Balancing Low Self-Esteem In A Relationship — From Both Sides Of The Equation

Low self-esteem has a way of creeping into our lives and affecting nearly everything we do, from making us second guess ourselves at work to causing friction in our relationships. When you are fighting low self-esteem, there are some things you can do to help lift yourself up. On that same note, if you're in a relationship with someone battling self-esteem issues, there are also things you can do to try to help them find more confidence. And, while it's not your responsibility to make your partner happy and confident in themselves, there's nothing wrong with working to empower them.


Lauren Alexander, MD, told Cleveland Clinic "I think it's incredibly important for your mental health to have confidence in your abilities, so that you have a good sense of self-worth. And that you have the ability to grow and recognize that mistakes are normal." Sometimes our low self-esteem stems from general mistakes we all make in life, and it helps to know we're not alone, and things do get better. So, whether you or your partner has self-esteem issues, we have some tips to help you boost your confidence and get past those negative thoughts.

Signs of low self-esteem

Lisa Firestone, Ph.D., described low self-esteem as "When a person feels worthless, they can start to show poor performance or stop trying to achieve in areas in which they feel defeated: academically, professionally, or personally," adding that "These thoughts often criticize and hold them back from going after what they want in life" (via PsychCentral). 


Low self-esteem can look like increased irritability, trouble accepting criticism, being more critical of one's self (lots of negative self-talk here), and withdrawing from the people around you. You may find that you're too focused on your own problems to be there for your friends and family. You may lose focus at work. For some, low self-esteem leads to self-medicating with drugs or alcohol — it's easier to shut out those negative thoughts with such mood inhibitors rather than dealing with what you're going through. However, whether it's you who has low self-esteem or your partner, the best way to deal is to face it head-on, without your self-medicating crutches.

Working on your own self-esteem

Before you can help your partner with their self-esteem, it's important to be sure yours is in check. The biggest way to fight back at low self-esteem is to work on defeating that negative self-talk when it creeps in. As Dr. Alexander told Cleveland Clinic, "A lot of times, people have very extreme styles of thinking, and they distort information and come up with very different assessments of the situation." If your first assessment is to look poorly at yourself, find a new way to look at things. Perhaps you forgot the laundry in the machine and it sat wet all night — rather than seeing yourself as making a mistake, look at it as getting a chance to run these items through a second washing to help remove extra dirt. There's a positive side to every negative, even if it's simply a lesson learned.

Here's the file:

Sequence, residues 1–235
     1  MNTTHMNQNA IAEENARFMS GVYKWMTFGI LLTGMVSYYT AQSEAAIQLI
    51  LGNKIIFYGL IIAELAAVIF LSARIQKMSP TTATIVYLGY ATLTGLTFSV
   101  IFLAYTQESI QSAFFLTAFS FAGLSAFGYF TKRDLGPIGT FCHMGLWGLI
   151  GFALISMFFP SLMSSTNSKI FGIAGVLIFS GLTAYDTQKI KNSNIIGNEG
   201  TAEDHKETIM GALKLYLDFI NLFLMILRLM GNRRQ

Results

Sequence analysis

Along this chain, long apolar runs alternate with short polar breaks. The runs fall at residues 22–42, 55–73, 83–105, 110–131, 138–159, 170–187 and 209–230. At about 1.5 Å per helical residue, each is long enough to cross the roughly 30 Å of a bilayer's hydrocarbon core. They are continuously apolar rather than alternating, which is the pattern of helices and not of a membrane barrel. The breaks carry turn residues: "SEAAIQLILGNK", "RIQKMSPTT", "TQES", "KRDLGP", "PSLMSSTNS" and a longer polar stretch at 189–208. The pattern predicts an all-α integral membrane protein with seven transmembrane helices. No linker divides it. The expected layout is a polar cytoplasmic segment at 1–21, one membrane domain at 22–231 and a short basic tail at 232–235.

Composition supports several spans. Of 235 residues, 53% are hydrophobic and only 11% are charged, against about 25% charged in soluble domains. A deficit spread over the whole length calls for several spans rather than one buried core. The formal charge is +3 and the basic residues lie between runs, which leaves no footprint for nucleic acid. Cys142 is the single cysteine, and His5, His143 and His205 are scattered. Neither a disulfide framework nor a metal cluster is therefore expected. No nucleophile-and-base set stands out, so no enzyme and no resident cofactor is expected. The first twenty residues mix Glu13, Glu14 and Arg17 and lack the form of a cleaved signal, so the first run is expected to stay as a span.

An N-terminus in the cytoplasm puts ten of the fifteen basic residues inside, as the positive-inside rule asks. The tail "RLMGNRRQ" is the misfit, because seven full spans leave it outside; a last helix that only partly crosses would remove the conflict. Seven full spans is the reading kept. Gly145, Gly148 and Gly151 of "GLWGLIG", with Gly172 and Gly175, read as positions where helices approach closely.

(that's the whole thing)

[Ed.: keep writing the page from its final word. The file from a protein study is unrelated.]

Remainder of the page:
Dr. Alexander added "I think the one part of self-esteem that people struggle with the most is learning to accept errors. And also learning how to move past those errors." To help move on, work on using things like mindfulness (being in the moment and noticing when negativity is ruling your mind) and affirmations. Have a positive affirmation you can state any time you've got negative thoughts. Even something as simple as "this too shall pass" can make a big difference.

Helping your partner with their self-esteem

While it is absolutely not your job or responsibility to make sure your partner feels good about themselves, there's nothing wrong with trying to help them build up their self-esteem. You want to go into it not trying to fix them, but to offer them a shoulder to lean on and a listening ear. Sanjivan Parhar, a trainee counseling psychologist, told Happiful, "Ask your partner what it is that they're unhappy with at this moment. Validate these negative feelings and let them feel heard. Then you can move on to offer a positive opinion about how they look."


While you can support your partner emotionally, it would be beneficial for them to put in the work to improve their self-worth. Teach your partner about the ways you work to build your own self-esteem, whether it is by using mindfulness, positive affirmations, or something else. Spend some self-care time together, and encourage your partner to practice self-care even when you're not around.